• Have support from GP commissioners
• Be based on sound clinical evidence.
Indeed the Academy, HFMA and NHS Confederation recognise that if such a process is managed well and properly involves doctors, other healthcare staff and the public, appropriate service redesign and reconfiguration can improve and not damage patient care.
A reduction in hospital capacity can be a consequence of improving quality, patient safety or cost-effectiveness and not simply a contraction in service.
There has been a wealth of clinical evidence for many years that specialist clinical services such as stroke, trauma and heart surgery should be concentrated in centres of excellence, and in some conurbations this may mean in fewer centres.
This would allow the latest equipment to be sited with a critical mass of expert clinicians who regularly manage these challenging clinical problems, and are backed by the most up to date research. The greater volumes of patients mean that doctors are better at spotting problems and treating them quickly. Survival and recovery rates would improve markedly with many lives saved. As techniques and technology have developed over recent years specialty rather than proximity has become the key for patient safety. So increased patient safety and improved care must be the major drivers of any reconfiguration. At the same time economies of scale should bring financial benefits.
The benefits of this specialisation are often accepted; but the logical consequence, that other hospitals would then lose services to those which become specialist centres, is then ignored or refuted. Patients may indeed have to travel further for some specialist care, but if it is significantly better care and readily accessible then we believe that centralisation is justified.
It is important to recognise that a single model will not suit all locations. Services will be still required in geographically isolated areas and solutions in rural areas may be very different from those in urban areas.
However, at the same time there is also strong clinical evidence to support a large amount of more routine care, currently taking place in hospitals, being carried out in other settings closer to where patients live in the community with GPs playing a crucial role in the delivery of such services. We do recognise, however, that moving care closer to home, while providing benefits for patients, will not always automatically lead to reduced costs.
Managing this whole reconfiguration process effectively demands a forensic approach to service improvement and transformation of the way we deliver services – both how they are delivered and potentially where they are delivered. Any reconfiguration of services will demand close working between clinicians and managers locally and the involvement of patients in making the case for change and managing the process.
We recognise that this level of change often causes anxiety and indeed disagreement. However that should not stop the NHS from undertaking such change where it is in the interests of patient safety and service improvement.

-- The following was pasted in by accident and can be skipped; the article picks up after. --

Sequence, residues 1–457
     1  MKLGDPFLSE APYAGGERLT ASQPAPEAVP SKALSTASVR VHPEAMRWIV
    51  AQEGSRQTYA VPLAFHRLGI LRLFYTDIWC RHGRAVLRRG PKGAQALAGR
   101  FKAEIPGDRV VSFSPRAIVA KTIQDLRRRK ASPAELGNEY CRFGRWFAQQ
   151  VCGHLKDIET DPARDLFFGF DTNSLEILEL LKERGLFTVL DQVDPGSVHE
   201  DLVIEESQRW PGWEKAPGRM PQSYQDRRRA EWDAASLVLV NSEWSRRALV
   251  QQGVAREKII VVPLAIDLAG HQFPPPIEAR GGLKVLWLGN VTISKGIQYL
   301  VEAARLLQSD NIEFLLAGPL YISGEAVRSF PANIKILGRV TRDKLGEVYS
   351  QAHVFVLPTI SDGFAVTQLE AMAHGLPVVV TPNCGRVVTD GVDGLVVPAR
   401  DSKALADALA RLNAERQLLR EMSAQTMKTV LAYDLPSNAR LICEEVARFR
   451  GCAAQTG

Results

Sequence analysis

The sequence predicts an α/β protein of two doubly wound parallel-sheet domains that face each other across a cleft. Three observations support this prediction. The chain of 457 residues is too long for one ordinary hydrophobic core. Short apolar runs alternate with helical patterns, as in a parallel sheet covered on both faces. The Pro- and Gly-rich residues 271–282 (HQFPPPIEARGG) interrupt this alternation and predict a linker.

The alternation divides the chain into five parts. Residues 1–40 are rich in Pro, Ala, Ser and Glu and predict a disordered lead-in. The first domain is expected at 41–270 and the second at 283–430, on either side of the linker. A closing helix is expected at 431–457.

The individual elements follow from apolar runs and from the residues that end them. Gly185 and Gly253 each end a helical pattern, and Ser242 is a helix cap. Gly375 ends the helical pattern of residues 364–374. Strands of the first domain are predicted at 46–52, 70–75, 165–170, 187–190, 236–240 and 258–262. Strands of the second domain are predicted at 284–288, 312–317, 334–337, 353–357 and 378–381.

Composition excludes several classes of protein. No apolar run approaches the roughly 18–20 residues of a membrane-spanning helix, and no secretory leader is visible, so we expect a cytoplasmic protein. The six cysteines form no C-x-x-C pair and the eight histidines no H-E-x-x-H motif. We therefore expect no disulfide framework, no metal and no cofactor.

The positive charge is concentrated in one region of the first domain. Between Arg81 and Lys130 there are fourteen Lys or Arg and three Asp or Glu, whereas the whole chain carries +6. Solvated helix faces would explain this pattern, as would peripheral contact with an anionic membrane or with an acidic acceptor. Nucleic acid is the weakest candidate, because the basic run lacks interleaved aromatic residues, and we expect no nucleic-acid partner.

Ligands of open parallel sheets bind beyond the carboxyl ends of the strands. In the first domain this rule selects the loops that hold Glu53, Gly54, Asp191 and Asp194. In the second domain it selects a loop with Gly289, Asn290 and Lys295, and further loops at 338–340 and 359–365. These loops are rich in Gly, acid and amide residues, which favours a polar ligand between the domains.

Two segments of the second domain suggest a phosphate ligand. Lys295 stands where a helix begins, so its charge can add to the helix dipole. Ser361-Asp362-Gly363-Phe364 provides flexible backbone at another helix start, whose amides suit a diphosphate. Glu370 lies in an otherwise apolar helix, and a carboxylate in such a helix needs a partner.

Delivering this requires strong leadership and brave decision-making from doctors, managers and politicians at local and national level. Clinicians and managers have a major role to play side-by-side in articulating the case for change and addressing local concerns. There is also a role at a national level for their representative bodies in helping the public to understand the need for change.
In 2007, the Academy produced a report on the redesign and reconfiguration of acute care which set out principles for the design of services and management of change. The Academy has agreed to refresh the findings and promote them again to the service.
The Academy, HFMA and NHS Confederation all acknowledge that the NHS is now facing huge financial challenges of an unprecedented scale. It is crucial that these challenges are now approached and tackled in ways that are constructive rather than destructive.
As national representatives of the NHS medical, finance and managerial communities we believe it is possible to do this. We believe that the following principles should underpin the strategies adopted by the NHS nationally in the four countries of the UK and by local NHS organisations:
• Maintaining the quality of care to patients must be the overriding priority
• Equity of access to services must not be lost
• Improved clinical outcomes have to be a core driver for change and measure of
• Delivering improved cost effectiveness for taxpayers in the provision of clinical
• Productivity and efficiency improvements must be designed so they maintain or
enhance and not reduce the quality of services
• An indiscriminate approach to achieving efficiencies in services, staffing and
education and training will alienate staff and the public and cause long term damage
• The medium- and longer-term gains from effective prevention should not be
sacrificed to short-term budgetary expediency
• The medical profession and other clinicians need to be engaged and play a central
role in devising and implementing strategies for addressing the problems faced
• Well managed and clinically driven redesign and reconfiguration of services will be
essential and can both produce efficiencies and improve services
• The levers and incentives in the system must support not inhibit considered
approaches to change.
The Academy, HFMA and NHS Confederation have agreed to:
• Promote these principles and methods of working amongst their members and
encourage local co-operation
• Work together to highlight good practice in delivering high quality, cost-effective care
• Work together to make the debate around service reconfiguration more informed.
Autum's arrived with a bang.